Playing With Grown UpsPlaying with Grown Ups centres around a couple in their late 30s, trying to adjust to their new roles as first time parents. Robert (Ben Caplan) takes to parenthood naturally, whereas Joanna (Trudi Jackson) is presented as frazzled and overwhelmed by her new responsibilities. An exhausted Joanna is far from pleased to hear that her husband has invited their old university friend, Jake, round for dinner.

Silver-haired Jake (Shane Attwooll) arrives with his date Stella (Daisy Hughes) a girl who is young enough to be his daughter. As the group poke fun at Stella’s idealistic view of the world, their evening is repeatedly interrupted by the baby crying offstage. Joanna’s irritation at this incessant crying is apparent, an irritation which escalates as the evening progresses until she finally erupts shrieking that she cannot cope anymore. As she expresses sentiments of feeling trapped and invisible it soon becomes clear that Joanna is suffering from severe post-natal depression.

Portraying gritty realism on stage can be tricky, but this production achieves it effortlessly. The entire play is confined to the couple’s living room, and thanks to Simon Scullion’s design and naturalistic performances from the entire cast it genuinely feels like you’re eavesdropping on a group of old friends. As the wine flows this group of university chums reflect on how the aspirations they had when they were students compare to the reality of what their lives have become.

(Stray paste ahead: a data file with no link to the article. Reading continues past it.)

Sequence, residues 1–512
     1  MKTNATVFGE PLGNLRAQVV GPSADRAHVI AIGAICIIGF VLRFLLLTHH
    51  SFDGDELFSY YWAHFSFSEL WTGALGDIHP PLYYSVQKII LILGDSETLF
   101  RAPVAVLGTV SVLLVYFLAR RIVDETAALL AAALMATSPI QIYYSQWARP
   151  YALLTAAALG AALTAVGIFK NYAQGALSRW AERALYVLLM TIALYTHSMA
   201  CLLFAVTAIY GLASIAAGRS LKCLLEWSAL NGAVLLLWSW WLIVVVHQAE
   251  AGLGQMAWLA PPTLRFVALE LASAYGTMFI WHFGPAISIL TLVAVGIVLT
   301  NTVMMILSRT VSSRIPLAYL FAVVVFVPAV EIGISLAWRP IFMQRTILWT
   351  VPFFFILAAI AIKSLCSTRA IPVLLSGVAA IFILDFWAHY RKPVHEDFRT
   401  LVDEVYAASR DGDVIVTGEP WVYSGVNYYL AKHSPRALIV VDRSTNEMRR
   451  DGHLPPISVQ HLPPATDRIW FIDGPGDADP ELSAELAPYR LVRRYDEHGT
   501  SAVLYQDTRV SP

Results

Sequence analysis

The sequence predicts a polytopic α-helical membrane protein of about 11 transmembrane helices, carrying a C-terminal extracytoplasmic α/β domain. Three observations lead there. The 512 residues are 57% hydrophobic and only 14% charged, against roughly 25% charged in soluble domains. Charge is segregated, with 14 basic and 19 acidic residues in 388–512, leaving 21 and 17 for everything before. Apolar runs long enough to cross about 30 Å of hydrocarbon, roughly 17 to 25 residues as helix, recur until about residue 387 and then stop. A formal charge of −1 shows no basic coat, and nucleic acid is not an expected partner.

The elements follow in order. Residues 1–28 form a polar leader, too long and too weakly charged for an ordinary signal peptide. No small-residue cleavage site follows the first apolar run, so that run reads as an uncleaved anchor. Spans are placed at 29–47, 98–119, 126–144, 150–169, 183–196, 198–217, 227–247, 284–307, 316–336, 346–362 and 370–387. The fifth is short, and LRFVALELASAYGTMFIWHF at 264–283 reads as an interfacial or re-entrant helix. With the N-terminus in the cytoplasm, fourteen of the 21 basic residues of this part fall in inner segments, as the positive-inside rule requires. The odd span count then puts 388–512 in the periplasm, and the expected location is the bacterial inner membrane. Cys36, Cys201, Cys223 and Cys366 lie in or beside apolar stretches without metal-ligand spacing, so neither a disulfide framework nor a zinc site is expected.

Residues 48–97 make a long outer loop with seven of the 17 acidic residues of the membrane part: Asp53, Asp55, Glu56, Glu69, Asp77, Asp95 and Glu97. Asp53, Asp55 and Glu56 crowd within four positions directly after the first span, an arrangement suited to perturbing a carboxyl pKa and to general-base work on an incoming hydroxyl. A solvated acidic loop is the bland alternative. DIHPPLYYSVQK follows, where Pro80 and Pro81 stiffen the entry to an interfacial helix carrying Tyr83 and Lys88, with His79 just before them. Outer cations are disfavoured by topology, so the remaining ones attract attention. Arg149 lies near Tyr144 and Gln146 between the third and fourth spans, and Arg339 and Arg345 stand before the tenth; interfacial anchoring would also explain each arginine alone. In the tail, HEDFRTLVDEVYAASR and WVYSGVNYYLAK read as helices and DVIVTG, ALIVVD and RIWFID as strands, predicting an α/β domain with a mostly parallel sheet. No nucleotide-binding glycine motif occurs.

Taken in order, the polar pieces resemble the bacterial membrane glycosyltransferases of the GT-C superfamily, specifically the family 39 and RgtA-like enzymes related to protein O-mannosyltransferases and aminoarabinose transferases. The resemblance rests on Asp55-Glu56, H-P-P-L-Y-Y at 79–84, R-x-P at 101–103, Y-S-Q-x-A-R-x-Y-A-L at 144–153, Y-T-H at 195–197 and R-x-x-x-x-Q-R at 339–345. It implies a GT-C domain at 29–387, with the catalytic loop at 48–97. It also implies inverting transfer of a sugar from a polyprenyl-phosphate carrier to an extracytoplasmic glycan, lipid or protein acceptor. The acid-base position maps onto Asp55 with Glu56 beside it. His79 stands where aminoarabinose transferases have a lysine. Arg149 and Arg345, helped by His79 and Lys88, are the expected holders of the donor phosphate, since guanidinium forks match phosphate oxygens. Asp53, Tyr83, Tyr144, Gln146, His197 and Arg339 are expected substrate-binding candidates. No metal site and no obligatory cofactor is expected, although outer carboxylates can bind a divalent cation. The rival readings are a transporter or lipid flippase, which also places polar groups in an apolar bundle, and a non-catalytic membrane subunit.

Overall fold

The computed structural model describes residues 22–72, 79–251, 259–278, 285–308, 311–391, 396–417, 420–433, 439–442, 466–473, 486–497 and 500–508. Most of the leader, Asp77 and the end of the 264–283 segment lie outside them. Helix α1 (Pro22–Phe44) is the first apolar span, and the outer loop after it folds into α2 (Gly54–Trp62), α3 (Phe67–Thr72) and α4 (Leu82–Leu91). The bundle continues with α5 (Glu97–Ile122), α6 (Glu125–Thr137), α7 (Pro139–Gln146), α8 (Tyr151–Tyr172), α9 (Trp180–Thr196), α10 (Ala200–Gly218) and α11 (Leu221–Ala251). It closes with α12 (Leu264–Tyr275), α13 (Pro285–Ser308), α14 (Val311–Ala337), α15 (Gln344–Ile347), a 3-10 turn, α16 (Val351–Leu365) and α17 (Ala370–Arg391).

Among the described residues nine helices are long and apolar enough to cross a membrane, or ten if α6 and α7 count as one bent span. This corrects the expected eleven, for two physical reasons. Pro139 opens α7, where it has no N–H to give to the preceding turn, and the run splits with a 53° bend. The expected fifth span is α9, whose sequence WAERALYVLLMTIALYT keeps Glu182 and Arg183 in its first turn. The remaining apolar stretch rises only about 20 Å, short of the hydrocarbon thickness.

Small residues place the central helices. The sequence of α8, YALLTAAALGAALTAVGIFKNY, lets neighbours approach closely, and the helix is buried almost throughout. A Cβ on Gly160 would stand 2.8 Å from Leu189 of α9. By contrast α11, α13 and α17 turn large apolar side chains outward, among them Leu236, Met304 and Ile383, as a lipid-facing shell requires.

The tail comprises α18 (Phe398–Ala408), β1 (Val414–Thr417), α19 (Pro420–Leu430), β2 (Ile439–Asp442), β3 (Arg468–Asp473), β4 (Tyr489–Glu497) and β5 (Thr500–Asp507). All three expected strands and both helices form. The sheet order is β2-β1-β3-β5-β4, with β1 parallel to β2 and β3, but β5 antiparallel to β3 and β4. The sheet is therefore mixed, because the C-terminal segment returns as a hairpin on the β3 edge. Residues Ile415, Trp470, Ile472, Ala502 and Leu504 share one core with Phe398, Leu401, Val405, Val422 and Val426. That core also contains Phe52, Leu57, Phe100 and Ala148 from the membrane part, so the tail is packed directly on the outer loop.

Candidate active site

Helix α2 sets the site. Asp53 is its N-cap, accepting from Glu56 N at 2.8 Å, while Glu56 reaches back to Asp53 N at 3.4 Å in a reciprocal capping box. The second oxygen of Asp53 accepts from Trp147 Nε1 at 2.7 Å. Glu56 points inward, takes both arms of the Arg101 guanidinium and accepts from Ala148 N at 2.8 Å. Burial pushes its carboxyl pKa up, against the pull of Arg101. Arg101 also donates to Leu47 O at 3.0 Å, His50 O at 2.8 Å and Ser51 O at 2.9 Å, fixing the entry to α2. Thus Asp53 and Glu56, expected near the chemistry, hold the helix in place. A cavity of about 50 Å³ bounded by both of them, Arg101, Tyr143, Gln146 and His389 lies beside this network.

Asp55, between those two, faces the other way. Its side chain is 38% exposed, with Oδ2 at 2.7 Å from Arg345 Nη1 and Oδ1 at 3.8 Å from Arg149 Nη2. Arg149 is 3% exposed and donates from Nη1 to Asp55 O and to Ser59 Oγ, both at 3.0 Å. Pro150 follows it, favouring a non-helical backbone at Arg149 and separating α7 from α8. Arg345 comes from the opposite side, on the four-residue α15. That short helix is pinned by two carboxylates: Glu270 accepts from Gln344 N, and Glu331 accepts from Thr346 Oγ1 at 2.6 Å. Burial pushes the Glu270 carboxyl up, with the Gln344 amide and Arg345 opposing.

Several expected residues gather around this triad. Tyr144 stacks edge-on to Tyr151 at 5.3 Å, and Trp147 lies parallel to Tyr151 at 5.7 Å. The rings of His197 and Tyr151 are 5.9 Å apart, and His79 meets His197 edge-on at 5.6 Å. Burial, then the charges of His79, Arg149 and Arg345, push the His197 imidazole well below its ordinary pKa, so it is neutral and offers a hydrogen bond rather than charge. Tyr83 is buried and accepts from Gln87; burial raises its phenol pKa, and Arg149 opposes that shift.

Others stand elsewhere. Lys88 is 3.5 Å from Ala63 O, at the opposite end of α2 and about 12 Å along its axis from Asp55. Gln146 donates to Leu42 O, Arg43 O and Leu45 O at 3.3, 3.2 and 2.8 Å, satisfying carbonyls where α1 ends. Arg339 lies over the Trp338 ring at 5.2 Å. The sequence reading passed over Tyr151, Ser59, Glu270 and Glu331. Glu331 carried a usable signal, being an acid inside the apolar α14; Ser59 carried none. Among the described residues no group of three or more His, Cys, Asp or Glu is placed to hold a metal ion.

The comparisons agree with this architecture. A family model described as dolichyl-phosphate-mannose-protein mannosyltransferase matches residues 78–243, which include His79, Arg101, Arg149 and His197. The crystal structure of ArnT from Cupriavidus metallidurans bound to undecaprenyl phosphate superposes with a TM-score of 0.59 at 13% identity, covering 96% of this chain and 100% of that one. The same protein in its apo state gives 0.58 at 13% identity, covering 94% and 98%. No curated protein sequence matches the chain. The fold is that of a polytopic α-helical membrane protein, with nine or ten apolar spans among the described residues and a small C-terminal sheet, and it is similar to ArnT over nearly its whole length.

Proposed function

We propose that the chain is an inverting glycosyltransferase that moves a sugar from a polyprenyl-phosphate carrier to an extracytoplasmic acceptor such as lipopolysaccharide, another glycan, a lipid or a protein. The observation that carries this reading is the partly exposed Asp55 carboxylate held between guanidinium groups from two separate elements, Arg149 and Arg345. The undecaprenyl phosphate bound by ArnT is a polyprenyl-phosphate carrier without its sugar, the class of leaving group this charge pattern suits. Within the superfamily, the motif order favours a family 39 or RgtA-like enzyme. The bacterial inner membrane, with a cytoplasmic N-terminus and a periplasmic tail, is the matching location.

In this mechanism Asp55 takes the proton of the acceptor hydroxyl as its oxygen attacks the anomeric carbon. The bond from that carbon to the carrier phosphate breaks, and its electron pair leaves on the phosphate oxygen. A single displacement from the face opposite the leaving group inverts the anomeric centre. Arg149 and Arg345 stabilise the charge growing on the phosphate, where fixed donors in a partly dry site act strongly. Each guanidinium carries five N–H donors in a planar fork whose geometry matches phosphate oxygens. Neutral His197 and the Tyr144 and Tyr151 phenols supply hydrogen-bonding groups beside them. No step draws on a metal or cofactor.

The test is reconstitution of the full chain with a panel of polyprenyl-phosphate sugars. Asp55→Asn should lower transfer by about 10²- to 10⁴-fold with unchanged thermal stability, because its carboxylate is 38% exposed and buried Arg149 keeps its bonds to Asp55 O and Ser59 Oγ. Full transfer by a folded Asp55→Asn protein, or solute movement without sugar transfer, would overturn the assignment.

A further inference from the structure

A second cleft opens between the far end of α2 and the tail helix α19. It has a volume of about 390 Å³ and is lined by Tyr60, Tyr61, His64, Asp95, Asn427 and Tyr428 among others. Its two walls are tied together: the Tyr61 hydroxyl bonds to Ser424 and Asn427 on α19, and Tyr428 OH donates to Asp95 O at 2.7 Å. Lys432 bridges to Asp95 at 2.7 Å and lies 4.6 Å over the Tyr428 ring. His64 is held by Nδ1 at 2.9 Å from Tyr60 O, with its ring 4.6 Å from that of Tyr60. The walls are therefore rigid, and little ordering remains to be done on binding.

I found Hannah Patterson’s female characterisation particularly interesting, for instance her use of monologues to reveal that despite appearing to be a happy-go-lucky carefree teenager Stella’s home life is also rather troubled. I thought that Hughes’s portrayal of Stella was both endearing and accomplished. I also found Jackson’s depiction of Joanna breakdown to be truly poignant, fighting back the tears to explain that since becoming a mother she feels like she lost all sense of identity. To have a mother refer to child as a terrible mistake is difficult to hear, but for me encapsulates the bleak despair that many women suffering from post-natal depression must feel daily.

Parents often refer to having children as being a big sacrifice, suddenly having to put another person’s needs before your own. Playing with Grown Ups explores the emotional and physiological effect that this sacrifice has on a parent.

Playing With Grown Ups is playing at Theatre 503 until 8 of June, for more information and tickets visit www.theatre503.com.